Following similar themes to the first game, Shadow of War's narrative attempts to capture wide-scale conflict across Mordor, with a range of locations and characters. And while the game might reward long-term fans of the franchise, the game's developer has also pitched this as a potential entry point for the series.

The 'Nemesis system' is back and better than ever

The "Nemesis system" made its debut in Shadow of Mordor and soon became a defining feature of the series. Through the system, enemies learn and adapt based on previous actions as a player, with personalized interactions influenced by prior events. This made for a more immersive narrative across the board and a story tailored around your personal decisions.

This system makes a triumphant return in Shadow of War, expanding its scale as a main draw of the package. The second iteration of Nemesis system expands its reach beyond a per-character basis, putting further weight on your decisions. With knock-on effects across Mordor, this tailors your Shadow of War experience on the fly.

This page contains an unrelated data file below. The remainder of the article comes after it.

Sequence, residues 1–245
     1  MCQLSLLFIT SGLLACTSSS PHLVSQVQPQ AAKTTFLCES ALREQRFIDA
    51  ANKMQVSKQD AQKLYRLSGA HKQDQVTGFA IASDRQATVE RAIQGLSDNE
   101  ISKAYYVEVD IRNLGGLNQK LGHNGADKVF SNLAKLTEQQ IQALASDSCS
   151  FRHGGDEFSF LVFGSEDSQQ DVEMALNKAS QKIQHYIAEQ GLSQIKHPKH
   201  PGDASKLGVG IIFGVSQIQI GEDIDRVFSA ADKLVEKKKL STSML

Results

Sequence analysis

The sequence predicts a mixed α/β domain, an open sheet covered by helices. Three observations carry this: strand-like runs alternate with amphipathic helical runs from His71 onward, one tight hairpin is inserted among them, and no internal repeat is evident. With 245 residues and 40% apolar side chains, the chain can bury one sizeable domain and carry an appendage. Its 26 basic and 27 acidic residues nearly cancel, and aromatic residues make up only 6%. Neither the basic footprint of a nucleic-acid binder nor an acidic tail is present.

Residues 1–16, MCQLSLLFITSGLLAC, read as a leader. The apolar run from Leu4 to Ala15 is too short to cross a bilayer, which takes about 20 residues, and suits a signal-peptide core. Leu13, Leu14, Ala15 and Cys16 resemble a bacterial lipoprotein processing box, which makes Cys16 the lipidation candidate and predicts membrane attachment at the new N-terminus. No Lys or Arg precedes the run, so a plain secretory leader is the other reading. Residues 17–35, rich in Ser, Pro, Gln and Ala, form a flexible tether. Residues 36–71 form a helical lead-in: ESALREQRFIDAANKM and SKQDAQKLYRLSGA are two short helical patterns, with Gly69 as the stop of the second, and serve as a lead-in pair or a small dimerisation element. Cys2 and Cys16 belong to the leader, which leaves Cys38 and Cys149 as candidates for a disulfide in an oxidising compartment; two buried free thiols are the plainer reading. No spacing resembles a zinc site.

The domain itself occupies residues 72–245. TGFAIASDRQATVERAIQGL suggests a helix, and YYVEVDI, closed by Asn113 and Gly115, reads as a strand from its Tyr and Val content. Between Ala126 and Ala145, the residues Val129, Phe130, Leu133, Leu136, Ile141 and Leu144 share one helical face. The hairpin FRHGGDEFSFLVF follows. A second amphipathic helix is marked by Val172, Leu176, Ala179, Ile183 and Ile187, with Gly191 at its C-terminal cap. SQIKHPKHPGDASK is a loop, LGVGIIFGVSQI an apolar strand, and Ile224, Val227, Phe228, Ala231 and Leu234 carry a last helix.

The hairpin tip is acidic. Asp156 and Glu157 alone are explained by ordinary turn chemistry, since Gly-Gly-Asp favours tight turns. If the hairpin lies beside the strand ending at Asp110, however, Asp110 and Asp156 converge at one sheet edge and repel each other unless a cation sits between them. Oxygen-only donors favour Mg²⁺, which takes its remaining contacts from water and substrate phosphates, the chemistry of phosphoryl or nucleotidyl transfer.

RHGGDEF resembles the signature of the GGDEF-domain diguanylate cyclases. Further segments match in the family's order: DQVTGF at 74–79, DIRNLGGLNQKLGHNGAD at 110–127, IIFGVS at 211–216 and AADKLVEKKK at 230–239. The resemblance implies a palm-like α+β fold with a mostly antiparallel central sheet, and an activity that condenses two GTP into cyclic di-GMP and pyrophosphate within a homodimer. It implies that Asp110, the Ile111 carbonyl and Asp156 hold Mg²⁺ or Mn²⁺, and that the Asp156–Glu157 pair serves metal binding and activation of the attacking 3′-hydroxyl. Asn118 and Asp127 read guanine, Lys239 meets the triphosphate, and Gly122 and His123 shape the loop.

All-out blood and battle

Siege Battles aim to create large-scale, immersive, conflicts in heavily defended fortresses scattered across Mordor. To conquer occupied enemy territories, players need to storm the gate and work through fortifications, ahead of taking down the Orc war chiefs and all-powerful Overlords.

The Nemesis system also factors heavily into these sieges, with war chiefs and overlords bearing personalities, alongside associated strengths and weaknesses. Fortresses have various ways of being attacked, meaning players can experience a dynamic string of events leading up to their capture.